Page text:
Ambitious objectives for EU27 Working Group on Entrepreneurship Education
A newly established working group on entrepreneurship education comprising experts from EU member countries, candidate countries and Norway is determined to pitch entrepreneurship education to the top of the EU policy agenda. Launched on 5 December by the Directorate General for Education and Culture, the first meeting of the working group pinned down a number of core challenges to address in the bid for a more developed entrepreneurship drive in Europe’s education system.
Opening the meeting, Carlo Scatoli, Head of Unit at the European Commission’s education directorate, underlined the critical importance of entrepreneurship education to Europe’s development agenda before the group set about defining issues, objectives and activities for 2012.
Topping the priorities will be defining entrepreneurial learning outcomes for each level of the education system, a more developed teacher training drive as well as stakeholder engagement – recognition that the entrepreneurship policy agenda straddles both education and economic policies which needs to be co-worked with the world of enterprise.
Brian Cookson of the European Trade Union Committee for Education who sits on the working group was quick to point out that teachers were central to entrepreneurship education developments. ‘The fullest engagement of teachers will be pivotal to the success of any entrepreneurship drive,’ said Cookson. He pointed out that policy developments required teaching ‘be returned to the teachers,’ referring to the regressive impact on education by an increasing measurement culture.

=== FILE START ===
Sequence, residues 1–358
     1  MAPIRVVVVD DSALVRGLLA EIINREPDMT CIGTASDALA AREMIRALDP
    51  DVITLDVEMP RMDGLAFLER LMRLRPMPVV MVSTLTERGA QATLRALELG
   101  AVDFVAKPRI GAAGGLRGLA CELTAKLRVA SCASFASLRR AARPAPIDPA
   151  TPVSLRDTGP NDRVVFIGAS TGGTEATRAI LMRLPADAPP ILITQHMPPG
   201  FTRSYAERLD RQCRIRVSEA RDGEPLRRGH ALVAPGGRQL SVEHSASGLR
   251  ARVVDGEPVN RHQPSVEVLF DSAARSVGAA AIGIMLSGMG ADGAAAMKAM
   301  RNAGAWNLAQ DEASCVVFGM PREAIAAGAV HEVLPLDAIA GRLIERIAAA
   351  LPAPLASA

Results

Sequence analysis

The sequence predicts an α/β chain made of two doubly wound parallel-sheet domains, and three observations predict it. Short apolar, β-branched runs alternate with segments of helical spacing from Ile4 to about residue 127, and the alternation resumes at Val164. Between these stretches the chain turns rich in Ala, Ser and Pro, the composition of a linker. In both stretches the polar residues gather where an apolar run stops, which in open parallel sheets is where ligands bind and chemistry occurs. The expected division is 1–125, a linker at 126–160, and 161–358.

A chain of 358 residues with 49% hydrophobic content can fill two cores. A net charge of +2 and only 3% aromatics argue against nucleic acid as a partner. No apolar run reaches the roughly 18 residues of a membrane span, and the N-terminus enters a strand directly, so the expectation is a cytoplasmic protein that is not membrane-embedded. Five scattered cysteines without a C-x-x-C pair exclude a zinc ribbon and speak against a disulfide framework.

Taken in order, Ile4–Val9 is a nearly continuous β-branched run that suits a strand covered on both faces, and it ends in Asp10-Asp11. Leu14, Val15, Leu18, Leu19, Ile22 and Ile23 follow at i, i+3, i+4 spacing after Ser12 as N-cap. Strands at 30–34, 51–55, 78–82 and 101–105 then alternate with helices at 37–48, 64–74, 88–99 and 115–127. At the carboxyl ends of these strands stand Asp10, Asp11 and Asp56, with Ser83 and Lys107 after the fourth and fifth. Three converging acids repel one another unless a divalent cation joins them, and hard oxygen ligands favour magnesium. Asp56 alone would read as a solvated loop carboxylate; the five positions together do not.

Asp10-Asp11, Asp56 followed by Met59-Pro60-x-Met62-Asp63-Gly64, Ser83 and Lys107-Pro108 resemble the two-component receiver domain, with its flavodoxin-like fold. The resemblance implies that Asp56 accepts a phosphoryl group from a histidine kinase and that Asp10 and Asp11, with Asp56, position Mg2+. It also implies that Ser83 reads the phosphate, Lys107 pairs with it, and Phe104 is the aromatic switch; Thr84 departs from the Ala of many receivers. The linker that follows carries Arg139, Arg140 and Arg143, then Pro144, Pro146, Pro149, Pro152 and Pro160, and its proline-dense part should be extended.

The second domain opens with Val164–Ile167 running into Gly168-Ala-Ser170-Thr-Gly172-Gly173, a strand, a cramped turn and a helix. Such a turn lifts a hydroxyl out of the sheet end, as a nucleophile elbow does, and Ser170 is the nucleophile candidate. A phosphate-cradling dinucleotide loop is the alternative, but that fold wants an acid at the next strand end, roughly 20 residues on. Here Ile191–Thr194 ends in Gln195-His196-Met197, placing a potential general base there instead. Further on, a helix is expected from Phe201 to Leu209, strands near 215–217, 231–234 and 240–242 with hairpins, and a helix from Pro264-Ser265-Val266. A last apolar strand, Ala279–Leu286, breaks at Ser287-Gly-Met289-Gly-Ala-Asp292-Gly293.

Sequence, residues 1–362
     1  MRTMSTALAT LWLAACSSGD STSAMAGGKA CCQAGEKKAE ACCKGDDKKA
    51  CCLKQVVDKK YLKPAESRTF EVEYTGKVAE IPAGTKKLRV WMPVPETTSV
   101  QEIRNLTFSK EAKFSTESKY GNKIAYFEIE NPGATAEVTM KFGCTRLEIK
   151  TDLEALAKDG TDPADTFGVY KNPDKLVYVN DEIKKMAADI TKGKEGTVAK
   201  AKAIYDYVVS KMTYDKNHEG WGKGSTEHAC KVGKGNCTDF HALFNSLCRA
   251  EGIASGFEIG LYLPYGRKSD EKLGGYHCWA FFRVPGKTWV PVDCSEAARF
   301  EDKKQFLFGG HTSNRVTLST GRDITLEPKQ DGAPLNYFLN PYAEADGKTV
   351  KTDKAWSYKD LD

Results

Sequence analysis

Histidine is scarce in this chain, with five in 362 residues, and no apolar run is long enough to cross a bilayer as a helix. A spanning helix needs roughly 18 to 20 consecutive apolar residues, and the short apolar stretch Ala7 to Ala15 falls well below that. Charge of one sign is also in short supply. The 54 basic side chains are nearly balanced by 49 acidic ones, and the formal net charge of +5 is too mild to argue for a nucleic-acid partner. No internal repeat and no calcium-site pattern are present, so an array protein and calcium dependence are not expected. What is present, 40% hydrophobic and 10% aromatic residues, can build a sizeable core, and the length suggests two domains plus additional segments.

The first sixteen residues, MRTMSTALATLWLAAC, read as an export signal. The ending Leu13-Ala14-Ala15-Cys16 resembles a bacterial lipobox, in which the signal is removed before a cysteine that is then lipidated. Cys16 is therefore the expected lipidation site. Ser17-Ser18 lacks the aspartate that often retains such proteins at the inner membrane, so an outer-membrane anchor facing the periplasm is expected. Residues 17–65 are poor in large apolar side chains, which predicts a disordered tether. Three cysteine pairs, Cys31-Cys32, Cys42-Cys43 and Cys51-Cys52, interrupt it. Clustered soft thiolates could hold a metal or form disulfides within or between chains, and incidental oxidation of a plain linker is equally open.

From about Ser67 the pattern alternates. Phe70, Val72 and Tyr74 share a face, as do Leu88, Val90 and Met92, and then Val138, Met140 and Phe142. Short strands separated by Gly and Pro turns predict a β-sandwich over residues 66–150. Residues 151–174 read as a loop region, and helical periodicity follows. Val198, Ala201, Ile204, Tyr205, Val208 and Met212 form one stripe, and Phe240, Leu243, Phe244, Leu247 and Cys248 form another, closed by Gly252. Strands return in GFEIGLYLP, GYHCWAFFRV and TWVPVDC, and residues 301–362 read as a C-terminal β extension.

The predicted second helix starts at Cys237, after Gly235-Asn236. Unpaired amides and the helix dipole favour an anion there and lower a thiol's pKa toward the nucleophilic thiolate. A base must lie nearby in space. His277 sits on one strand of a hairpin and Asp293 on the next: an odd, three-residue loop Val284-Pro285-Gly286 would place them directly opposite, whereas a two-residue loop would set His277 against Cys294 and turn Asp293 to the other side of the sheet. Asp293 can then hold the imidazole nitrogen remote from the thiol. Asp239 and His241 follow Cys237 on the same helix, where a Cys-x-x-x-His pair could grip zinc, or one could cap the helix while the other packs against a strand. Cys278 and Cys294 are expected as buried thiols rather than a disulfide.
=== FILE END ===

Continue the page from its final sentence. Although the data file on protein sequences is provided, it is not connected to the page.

Friederike Sözen of UEAPME, the European small business organization, who is also a member of the working group put the case for business engagement in entrepreneurship education. ‘Small business has a role to play at all levels - European, national, regional and local level,’ she said, adding ‘this is where business support organizations can ensure that the voice of small businesses be included in the debate.
Speaking after the meeting, the European Commission’s, Sannie Fisker who leads the Working Group, pointed to the high degree of ownership and engagement of all experts which she said was an excellent basis for the Group to move forward. ‘The establishment of the working group is timely,’ she said. ‘The global economic crisis is generating a policy relex in many countries as to the potential for education to play its part in addressing the challenges for competitiveness and employment. The working group’s activities are part of that response,’ added Fisker.
ETF is a member of the Working Group which has an initial mandate up to December 2012.